In McAllister v. State, 140 Md. 647, 118 A. 147, there was a similar holding in a case tried by the court, though not a ruling for failure to grant a motion for a mistrial.Summary of this case from Lusby v. State
Decided March 22d 1922.
Criminal Law — Cross-Examination of Defendant — Other Crimes — Receiving Stolen Goods — Evidence — Harmless Error.
One accused of crime, who volunteers to meet the charge against him by testifying in his own behalf as to that charge, cannot be compelled to testify on cross-examination as to another crime which is in no way connected with that for which he is being tried, and which the State would not be permitted to prove by other witnesses. pp. 650, 651
That defendant, when sought to be cross-examined as to another crime committed by him, makes no formal claim of privilege, is immaterial, if it is apparent from his protest against such examination that he is trying to protect himself. p. 651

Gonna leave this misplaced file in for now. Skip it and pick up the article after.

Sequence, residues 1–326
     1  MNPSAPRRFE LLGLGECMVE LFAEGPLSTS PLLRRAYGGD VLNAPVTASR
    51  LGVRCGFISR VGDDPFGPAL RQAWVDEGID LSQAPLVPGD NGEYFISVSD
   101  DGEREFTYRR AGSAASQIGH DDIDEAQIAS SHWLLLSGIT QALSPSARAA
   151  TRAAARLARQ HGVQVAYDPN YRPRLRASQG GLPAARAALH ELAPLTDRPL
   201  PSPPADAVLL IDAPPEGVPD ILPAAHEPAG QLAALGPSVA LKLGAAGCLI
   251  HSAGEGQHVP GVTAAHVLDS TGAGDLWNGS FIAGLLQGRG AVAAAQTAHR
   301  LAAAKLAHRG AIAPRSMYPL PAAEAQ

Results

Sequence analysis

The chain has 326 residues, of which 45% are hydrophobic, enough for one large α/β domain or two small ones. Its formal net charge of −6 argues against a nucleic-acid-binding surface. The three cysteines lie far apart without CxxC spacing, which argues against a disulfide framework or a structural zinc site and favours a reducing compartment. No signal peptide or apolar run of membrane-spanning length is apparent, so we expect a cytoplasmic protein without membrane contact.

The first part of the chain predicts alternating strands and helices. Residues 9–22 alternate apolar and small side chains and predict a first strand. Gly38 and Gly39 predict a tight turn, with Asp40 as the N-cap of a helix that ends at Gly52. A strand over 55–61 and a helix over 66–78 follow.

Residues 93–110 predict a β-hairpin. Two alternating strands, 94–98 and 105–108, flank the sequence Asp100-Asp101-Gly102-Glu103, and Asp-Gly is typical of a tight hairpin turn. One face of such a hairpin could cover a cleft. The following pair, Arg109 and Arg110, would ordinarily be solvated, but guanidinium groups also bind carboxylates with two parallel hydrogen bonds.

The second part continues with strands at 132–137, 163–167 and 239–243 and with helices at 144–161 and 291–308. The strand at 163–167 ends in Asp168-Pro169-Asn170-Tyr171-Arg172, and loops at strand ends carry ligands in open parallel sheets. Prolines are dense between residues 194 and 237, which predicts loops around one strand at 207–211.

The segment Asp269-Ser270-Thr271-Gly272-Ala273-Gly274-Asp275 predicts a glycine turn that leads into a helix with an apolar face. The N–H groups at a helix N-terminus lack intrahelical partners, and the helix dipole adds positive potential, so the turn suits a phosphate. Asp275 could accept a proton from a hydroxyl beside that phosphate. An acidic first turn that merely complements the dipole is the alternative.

On a prosecution for receiving a stolen article, the admission of evidence that the person from whom defendant received the article had stolen other articles from the same store held to be, although erroneous, not prejudicial, defendant not being charged with receiving any of such other articles, and they having been stolen long after the taking of the article which defendant was charged with receiving. p. 653
Evidence as to other articles subsequently taken by the thief to the house from which defendant obtained the article in question, in connection with which other articles, however, defendant was not accused of any crime, was inadmissible. p. 653
Decided March 22d 1922.
Appeal from the Circuit Court for Wicomico County (BAILEY and DUER, JJ.).
Criminal proceeding against Ralph McAllister for receiving stolen goods. From a judgment of conviction said McAllister appeals. Reversed.